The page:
Industrial and academic research centres requires accurate and reliable knowledge of the behaviour of the
materials to sustain the specific challenges from the conditions present in CSP applications:
• High temperatures (up to 1000° C in current solar towers design)
• High spatial thermal gradient (mainly due to the non-uniform concentrated solar irradiation)
• High dynamic thermal gradient (e.g. fast during cloud passing or slow due to the daily cycling from dawn and
dusk).
A better evaluation of the material behaviour for CSP applications, such as high temperature steels or SiC
ceramics, thanks to better or new experimental test beds and associated theoretical models will help users
develop higher performance materials for higher efficiency of the process.
A better evaluation of the material behaviour for CSP applications will also lead to better estimations of the
operating cost of innovative concentrated solar power plants newly proposed or developed, such as towers
with pressurized air turbines for high efficiency electricity production or with high temperature thermochemical
processes for synthetic fuel production.


This work package therefore aims at improving the characterisation of physical properties that researchers and
developers require to define the behaviour of materials for CSP applications.


Three major areas are addressed:
Task 1: Determination of thermo-mechanical properties under concentrated solar radiation.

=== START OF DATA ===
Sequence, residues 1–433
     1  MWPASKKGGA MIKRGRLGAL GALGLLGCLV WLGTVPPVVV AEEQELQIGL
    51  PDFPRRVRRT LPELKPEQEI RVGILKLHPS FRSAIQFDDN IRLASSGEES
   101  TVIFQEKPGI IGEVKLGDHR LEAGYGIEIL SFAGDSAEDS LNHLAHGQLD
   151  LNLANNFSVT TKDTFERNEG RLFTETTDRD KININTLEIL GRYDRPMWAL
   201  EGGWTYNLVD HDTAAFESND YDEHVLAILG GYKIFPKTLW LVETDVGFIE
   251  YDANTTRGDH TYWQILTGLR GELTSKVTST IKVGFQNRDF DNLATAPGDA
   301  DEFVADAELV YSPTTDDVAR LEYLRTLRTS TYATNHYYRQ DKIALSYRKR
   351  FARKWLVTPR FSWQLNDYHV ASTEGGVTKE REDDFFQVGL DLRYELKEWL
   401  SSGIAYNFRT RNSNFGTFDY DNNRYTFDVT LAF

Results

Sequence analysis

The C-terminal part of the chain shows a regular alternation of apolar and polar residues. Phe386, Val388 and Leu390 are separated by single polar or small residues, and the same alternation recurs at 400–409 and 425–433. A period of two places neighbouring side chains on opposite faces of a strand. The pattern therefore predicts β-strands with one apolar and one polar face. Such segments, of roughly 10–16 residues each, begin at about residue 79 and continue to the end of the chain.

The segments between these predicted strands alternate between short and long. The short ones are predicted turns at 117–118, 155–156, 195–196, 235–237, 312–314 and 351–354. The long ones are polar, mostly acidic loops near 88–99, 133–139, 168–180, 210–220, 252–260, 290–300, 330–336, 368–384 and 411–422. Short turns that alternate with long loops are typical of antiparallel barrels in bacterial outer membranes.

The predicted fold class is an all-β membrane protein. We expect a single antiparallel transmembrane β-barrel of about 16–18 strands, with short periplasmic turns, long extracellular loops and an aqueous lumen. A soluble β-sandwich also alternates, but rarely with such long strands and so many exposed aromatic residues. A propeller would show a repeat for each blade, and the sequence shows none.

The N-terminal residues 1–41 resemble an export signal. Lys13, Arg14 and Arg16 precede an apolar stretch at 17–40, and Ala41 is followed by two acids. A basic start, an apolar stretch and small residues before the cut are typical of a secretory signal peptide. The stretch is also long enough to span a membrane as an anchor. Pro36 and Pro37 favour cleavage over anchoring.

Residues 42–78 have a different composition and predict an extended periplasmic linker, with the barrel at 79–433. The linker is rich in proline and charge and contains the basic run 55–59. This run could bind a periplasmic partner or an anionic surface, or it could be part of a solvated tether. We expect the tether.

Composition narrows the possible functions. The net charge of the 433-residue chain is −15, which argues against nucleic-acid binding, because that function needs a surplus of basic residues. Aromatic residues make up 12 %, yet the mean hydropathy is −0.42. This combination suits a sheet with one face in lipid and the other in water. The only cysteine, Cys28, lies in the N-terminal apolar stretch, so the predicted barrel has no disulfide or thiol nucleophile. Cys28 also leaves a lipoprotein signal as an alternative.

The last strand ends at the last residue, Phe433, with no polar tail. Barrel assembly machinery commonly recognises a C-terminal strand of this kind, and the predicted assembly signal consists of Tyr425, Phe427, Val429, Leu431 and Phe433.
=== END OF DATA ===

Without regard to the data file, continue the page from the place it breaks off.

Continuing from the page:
This task aims for:
• Define and validate new methodologies for comparative evaluation of the ability of high temperature key CSP
components to sustain cyclic thermal gradient
• Improve CSP Test facilities by developing new instruments and methods for in-situ thermo-mechanical
investigation using acoustic methods


Task 2: Determination of thermo-optical properties: spectral directional emissivity measurements at high
temperature.
This task aims at improving the determination of the emissivity of CSP materials at different spectral
wavelengths and from different directions notably for the range of temperature for CSP applications.

Task 3: Determination of key properties in the case of porous materials in CSP applications.
This task aims for:
• Adaptation of methods to characterize physical and chemical surface properties inside the cavities of porous
materials to determine the real history and modifications of the material after use in CSP applications.
• Upgrading concentrating solar test beds and methods to experimentally evaluate heat transfer coefficient for
porous materials for volumetric solar receivers.
• Extending for new porous materials an existing method to predict heat and mass transfer properties with
theoretical models from an accurate geometry evaluation by computer tomography.